article written by anthropologist David Graeber, author of Debt: The First 5000 Years, and published in The Nation on September 24. Occupy Wall Street allowed us to see the system for what it is: an enormous engine of debt extraction. Three out of four Americans are in debt and one in seven is being pursued by debt collectors. Between 15 and 20 percent of the average household’s income is now directly expropriated by the financial services industry in the form of interest payments,

fees and penalties. The overwhelming majority of Occupiers are refugees of the American debt system, saying “I worked hard and played by the rules, and now I can’t find a job to pay my student loans — while the financial criminals who trashed the economy got themselves bailed out.” If Occupy was to frame a demand today, it would be for as broad a cancellation of debt as possible. It is only by breaking the power of the engines of extraction that we can think on a scale and grandeur appropriate to the times.

S E P T E M B E R / O C TO B E R 2 0 1 2 C A L I F O R N I A T E AC H E R

COURTESY SF LABOR COUNCIL

atching Default: The Student Loan Documentary, movie viewers feel the emotion when a borrower chokes up talking about how he can’t ask the woman he loves to marry him because he wouldn’t want her to share the burden of his debt. “The human consequences, the amount of debt that never goes away, that destroys people’s credit, and makes it impossible sometimes to have a family,” said one of the filmmakers, Aurora Meneghello. “That resonates with a lot with people — basic human rights are taken away from you.” Default is a 27-minute documentary that has been shown on PBS, Link TV and at screenings around the country. The majority of the stories come from students-turned-activists who talk about how their debt ballooned.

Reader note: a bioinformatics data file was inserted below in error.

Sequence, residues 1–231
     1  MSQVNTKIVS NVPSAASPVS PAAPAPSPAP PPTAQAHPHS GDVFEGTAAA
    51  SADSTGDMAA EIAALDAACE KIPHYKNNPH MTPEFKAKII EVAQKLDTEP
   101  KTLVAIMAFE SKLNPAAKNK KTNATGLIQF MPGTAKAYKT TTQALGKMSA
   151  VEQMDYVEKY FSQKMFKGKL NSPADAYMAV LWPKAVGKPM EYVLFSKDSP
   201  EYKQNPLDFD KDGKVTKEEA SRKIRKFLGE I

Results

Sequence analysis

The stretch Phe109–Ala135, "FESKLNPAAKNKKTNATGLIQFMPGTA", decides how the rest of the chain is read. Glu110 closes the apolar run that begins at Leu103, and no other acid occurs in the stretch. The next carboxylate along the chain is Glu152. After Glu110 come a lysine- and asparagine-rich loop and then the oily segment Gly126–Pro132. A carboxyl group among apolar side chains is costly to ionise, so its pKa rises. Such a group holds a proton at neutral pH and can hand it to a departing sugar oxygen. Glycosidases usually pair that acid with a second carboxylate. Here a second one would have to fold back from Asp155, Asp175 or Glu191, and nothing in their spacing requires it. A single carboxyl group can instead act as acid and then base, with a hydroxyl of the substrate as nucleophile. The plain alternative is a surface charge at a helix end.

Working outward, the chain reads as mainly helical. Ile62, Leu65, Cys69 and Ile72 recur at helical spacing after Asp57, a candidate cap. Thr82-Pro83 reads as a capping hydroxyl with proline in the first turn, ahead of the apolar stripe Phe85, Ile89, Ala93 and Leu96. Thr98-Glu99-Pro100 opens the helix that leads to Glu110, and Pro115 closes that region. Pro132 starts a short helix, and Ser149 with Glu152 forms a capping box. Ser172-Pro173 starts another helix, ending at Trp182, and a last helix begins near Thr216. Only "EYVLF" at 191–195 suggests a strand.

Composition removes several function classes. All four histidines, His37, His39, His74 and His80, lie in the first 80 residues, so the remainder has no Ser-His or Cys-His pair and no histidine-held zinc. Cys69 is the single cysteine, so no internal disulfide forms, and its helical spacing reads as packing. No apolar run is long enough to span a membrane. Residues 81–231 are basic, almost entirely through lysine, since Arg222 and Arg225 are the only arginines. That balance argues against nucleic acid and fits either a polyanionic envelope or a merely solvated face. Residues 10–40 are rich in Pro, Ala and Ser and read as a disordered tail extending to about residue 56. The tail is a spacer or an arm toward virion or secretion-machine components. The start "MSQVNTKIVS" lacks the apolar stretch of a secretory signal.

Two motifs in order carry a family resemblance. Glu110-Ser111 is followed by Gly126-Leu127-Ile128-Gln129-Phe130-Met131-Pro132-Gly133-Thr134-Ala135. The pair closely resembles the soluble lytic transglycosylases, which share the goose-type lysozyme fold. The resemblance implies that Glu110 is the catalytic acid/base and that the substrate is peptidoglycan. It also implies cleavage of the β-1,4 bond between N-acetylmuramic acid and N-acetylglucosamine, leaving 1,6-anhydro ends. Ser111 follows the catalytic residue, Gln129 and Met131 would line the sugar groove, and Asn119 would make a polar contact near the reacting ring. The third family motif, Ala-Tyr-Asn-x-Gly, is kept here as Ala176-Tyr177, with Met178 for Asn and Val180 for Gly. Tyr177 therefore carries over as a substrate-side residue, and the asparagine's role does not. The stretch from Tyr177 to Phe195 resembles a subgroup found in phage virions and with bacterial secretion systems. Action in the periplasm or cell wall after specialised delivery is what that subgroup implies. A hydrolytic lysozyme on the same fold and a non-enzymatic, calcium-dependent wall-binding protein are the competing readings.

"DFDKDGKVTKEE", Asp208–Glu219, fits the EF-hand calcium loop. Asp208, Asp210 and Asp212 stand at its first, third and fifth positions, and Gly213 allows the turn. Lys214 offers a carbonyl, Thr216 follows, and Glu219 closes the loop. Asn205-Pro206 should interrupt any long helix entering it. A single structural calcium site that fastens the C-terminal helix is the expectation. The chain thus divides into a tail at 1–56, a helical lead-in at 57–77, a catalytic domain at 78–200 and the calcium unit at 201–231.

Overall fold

REUTERS/ANDREW BURTON

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REUTERS/ANDREW BURTON

Documentary reveals human impact of trillion dollar student loan crisis

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New employees to face crisis that led to pension fund shortfalls is not acceptable,” said CFT President Josh Pechthalt. Even conservative anti-tax ideologues and critics of public employee pensions were not supportive of the new law, charging that it was just a stratagem of Gov. Brown to help win public support for passage of Prop. 30 in November.